Make a Career Switch to an Engineer

Do you have a knack for math and science? Enjoy solving complex problems? Have a drive to create new things or improve existing ones? If this sounds like you and you’ve been contemplating a career change, engineering may be the right path for you.

Engineering, as a vocation, focuses on using math, science, technology, and modeling to plan or create new constructs. These constructs can be either physical, mechanical, computer-based, or even social. Engineering is a larger term that can touch a broad range of disciplines, including tech-based computer engineering and electrical engineering, to those that impact people and communities like environmental engineers or civil engineers.

Today, there is a major demand for engineers of all kinds. The U.S. Bureau of Labor Statistics (BLS) anticipates a need for nearly 140,000 new engineering jobs by 2026. With that in mind, making the leap to becoming an engineer can lead to a rewarding and well-paying career for the curious-minded.

If you’re planning to make a career change to become an engineer, there are a few steps you can take to earn your degree, learn and refine the skills needed to succeed, and understand the wide variety of specializations to consider within the field.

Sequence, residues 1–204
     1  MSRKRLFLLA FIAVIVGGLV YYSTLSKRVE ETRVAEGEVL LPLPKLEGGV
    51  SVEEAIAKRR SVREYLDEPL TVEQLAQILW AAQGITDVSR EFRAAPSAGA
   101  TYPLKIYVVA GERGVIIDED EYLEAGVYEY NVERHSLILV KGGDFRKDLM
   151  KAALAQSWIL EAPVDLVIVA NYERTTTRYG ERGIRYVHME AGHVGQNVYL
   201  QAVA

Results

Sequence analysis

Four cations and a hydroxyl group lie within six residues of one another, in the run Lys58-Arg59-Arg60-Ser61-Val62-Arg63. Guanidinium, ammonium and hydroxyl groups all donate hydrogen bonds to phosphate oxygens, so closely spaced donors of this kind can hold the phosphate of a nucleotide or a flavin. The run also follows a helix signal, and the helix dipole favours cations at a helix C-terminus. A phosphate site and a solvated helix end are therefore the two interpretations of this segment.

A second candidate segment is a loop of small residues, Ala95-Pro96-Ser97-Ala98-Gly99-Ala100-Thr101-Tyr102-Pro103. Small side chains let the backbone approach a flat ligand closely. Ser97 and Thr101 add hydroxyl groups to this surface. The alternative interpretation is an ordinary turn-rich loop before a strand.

Does an Engineer Need a Degree?

If you’re thinking of changing careers and becoming an engineer, you will most likely need to earn a bachelor’s or master’s degree in engineering. However, not all types of engineers require a formal engineering degree to enter into the field.

You may have attended a trade or vocational school to become a licensed electrician and decide you want to make the leap to becoming an engineer. People with this type of experience may have fewer barriers to becoming an electrical engineer or software engineer without a college degree. Practical experience and experimentation on your own or in a formal work setting can help develop the skills needed to break into these disciplines.

However, having at least a bachelor’s degree in engineering can make it a lot easier to become an electrical or software engineer since many of these engineering jobs now require prospects to have completed a program through a college or university approved by the Accreditation Board for Engineering and Technology (ABET), as well as obtain formal licensing.

On the flipside, construction engineering, manufacturing design, chemical engineering, and civil engineering are some of the disciplines where it’s all-but mandatory to earn a bachelor’s degree in engineering in order to get hired.

What Does It Take to Be an Engineer?